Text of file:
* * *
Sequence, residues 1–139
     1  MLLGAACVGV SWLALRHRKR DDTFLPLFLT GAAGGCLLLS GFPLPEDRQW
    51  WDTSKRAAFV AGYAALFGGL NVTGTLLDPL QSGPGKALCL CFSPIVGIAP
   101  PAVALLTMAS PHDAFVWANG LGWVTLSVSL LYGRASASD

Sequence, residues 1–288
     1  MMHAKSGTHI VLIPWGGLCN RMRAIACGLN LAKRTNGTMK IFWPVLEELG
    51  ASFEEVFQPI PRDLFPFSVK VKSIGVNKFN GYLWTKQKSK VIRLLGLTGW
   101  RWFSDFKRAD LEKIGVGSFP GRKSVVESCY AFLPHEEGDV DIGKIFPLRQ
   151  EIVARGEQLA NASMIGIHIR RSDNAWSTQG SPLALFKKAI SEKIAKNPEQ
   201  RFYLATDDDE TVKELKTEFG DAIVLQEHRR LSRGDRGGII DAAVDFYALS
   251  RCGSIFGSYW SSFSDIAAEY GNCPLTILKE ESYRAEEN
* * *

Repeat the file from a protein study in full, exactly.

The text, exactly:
Sequence, residues 1–139
     1  MLLGAACVGV SWLALRHRKR DDTFLPLFLT GAAGGCLLLS GFPLPEDRQW
    51  WDTSKRAAFV AGYAALFGGL NVTGTLLDPL QSGPGKALCL CFSPIVGIAP
   101  PAVALLTMAS PHDAFVWANG LGWVTLSVSL LYGRASASD

Sequence, residues 1–288
     1  MMHAKSGTHI VLIPWGGLCN RMRAIACGLN LAKRTNGTMK IFWPVLEELG
    51  ASFEEVFQPI PRDLFPFSVK VKSIGVNKFN GYLWTKQKSK VIRLLGLTGW
   101  RWFSDFKRAD LEKIGVGSFP GRKSVVESCY AFLPHEEGDV DIGKIFPLRQ
   151  EIVARGEQLA NASMIGIHIR RSDNAWSTQG SPLALFKKAI SEKIAKNPEQ
   201  RFYLATDDDE TVKELKTEFG DAIVLQEHRR LSRGDRGGII DAAVDFYALS
   251  RCGSIFGSYW SSFSDIAAEY GNCPLTILKE ESYRAEEN